Man caught on video in Vancouver incident described as stalking sentenced to 1 year of probation
A man who was charged with harassment in a caught-on-camera incident described by the woman involved as stalking has been sentenced, but not for his role in that incident.
Mohammed Majidpour received his sentence Friday, months after he was charged with several offences, including mischief, uttering threats, breaking and entering, and assault with a weapon, as well as harassment.
The harassment count was stayed, along with several other charges, as part of a joint submission by the Crown and Majidpour's lawyer.
Majidpour pleaded guilty to the other four charges listed above and was sentenced to one day in jail and one year of probation, according to the BC Prosecution Service.
He'll be given 180 days' credit for time served before sentencing.
The 34-year-old of no fixed address was not sentenced to time behind bars, in part because of his deteriorating health. The court heard that Majidpour is addicted to heroin, and needs proper treatment.
After appearing in court via video link, Majidpour is expected to be released from custody Friday. The conditions of his release include that he is prohibited from carrying any weapons, and from contacting the victim in the case and two other women who'd filed complaints against him.
Once released, Majidpour will be staying in a shelter until space is available at a treatment centre.
He was given the opportunity to address the court Friday, but declined.
His case rose to prominence because of a widely-shared video posted on social media by a woman who said she was being stalked by a man who can be seen walking behind her.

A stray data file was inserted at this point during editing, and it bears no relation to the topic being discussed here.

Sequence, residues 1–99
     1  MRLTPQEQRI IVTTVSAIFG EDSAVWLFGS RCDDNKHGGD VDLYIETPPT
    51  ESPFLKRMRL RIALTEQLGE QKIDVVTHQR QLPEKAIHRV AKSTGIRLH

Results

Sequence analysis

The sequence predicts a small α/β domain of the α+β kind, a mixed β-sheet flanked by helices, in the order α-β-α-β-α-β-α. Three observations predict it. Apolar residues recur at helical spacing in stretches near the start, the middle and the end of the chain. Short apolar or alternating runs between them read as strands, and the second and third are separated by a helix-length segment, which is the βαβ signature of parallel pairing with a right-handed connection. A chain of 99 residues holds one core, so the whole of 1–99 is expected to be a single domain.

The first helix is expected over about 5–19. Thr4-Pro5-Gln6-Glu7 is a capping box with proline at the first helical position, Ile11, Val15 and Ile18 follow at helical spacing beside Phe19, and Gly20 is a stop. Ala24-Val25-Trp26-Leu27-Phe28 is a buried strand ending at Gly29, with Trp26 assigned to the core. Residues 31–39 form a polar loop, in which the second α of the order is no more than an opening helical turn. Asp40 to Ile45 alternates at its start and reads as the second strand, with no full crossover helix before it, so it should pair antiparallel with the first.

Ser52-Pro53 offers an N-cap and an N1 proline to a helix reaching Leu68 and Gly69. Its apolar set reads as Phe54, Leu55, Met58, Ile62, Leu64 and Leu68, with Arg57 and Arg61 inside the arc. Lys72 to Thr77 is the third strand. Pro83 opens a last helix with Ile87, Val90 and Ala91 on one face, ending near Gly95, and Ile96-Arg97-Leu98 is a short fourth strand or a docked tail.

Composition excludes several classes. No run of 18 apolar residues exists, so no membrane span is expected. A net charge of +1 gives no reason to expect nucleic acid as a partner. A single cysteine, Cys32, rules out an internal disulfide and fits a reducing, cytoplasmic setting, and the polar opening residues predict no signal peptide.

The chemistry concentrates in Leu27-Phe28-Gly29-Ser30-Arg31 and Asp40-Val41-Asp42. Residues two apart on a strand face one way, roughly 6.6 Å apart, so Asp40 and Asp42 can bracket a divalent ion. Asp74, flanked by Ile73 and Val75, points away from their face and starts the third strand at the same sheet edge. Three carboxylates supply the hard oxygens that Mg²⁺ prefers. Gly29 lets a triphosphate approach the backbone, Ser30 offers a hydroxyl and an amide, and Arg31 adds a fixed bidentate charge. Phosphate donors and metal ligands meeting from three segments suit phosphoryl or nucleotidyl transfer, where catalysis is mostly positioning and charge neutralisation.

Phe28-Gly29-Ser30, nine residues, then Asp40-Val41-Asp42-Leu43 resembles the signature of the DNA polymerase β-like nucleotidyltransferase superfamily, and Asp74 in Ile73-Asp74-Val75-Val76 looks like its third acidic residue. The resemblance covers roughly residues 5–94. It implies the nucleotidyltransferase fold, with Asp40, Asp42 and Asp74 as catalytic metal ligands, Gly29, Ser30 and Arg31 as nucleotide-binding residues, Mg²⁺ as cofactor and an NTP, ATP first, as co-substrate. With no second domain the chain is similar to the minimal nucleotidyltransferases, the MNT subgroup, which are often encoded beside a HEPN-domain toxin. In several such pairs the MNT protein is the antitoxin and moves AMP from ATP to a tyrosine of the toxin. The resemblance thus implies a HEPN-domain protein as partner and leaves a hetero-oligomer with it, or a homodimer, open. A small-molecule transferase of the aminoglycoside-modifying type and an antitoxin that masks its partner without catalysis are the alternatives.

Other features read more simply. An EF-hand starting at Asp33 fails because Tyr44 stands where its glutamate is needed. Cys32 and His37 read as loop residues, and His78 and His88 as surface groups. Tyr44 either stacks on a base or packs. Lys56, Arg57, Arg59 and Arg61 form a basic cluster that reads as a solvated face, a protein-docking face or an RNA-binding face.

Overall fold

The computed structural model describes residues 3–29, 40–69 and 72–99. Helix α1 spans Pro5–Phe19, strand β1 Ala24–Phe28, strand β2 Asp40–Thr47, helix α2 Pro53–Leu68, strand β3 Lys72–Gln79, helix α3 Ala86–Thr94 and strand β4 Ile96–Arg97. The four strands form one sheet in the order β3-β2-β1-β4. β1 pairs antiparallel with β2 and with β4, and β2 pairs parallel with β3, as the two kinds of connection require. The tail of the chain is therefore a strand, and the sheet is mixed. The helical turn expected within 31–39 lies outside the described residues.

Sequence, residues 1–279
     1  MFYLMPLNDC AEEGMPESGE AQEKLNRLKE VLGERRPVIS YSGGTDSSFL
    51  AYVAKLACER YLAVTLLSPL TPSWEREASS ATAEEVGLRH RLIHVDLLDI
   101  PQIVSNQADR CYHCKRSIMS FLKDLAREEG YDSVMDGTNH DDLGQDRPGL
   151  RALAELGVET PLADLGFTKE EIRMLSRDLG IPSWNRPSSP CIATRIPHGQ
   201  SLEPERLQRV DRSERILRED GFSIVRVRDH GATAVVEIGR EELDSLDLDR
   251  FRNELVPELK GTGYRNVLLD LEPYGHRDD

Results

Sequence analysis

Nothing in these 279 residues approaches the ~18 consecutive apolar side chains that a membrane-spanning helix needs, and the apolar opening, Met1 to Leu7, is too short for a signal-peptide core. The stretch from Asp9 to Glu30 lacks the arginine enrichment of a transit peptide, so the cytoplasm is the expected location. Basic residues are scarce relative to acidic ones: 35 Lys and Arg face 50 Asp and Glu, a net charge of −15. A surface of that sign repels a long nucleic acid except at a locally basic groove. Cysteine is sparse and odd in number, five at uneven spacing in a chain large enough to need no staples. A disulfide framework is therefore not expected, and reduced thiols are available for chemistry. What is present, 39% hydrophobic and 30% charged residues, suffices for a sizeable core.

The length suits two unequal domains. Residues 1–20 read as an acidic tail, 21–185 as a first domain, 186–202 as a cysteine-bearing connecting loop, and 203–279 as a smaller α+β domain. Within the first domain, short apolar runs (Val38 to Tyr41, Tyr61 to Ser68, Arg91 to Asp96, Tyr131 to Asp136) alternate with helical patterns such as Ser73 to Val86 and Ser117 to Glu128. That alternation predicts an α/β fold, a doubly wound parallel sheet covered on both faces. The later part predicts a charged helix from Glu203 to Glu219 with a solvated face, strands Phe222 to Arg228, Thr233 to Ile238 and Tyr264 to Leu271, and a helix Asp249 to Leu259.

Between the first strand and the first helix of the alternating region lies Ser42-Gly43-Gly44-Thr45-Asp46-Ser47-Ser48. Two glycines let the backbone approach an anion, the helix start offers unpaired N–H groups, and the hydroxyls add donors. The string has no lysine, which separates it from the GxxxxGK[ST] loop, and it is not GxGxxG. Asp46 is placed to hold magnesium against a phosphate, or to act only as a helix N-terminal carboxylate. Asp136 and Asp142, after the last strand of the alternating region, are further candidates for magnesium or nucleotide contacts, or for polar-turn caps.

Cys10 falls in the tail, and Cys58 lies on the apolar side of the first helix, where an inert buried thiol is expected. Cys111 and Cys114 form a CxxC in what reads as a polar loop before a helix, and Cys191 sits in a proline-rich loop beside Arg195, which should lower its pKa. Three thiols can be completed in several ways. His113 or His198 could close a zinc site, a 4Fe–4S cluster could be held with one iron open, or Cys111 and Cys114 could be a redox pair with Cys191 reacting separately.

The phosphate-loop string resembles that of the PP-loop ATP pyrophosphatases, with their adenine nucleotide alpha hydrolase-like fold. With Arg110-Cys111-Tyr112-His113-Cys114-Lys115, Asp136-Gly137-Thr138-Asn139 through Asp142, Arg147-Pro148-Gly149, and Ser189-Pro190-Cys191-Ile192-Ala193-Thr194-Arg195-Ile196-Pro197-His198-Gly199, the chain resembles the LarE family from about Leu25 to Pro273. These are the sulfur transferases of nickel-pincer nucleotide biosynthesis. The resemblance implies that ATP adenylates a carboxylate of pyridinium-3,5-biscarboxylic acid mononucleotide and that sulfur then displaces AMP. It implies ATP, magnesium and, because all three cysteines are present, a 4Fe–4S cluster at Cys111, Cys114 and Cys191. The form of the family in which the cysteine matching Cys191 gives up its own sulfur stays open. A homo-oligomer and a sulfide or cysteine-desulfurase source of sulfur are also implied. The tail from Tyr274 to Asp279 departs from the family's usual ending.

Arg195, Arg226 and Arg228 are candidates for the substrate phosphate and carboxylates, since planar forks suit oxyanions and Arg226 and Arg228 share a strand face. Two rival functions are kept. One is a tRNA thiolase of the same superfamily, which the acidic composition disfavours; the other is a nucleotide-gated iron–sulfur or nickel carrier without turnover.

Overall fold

The woman said she didn't know the man who followed her for about 40 minutes. Her post garnered significant attention online, and police began a search for the man involved.
Jamie Coutts, who captured the video on her cellphone, told CTV News in an interview at the time that she'd noticed she was being followed, and stopped walking so he could pass, but that he just "stared" at her.
Coutts said she told him he was walking too close to her, but that nothing changed. She'd also tried walking around the block several times, as fast as she could, to test that she actually was being followed.
Eventually, she ran into a group of people at a skate park, and sat with them until the man left. She later reported the incident to police, once she felt safe.
Officers with the Vancouver Police Department said her story encouraged other victims of similar incidents to come forward, and their accounts were also investigated.
The VPD advises anyone who has a gut feeling they aren't safe to call 911. Coutts also recommends taking a video or photo of the person, if it's possible to do so safely.
With files from CTV News Vancouver's Travis Prasad in court
This story has been updated to clarify the outcomes of the various charges against Majidpour.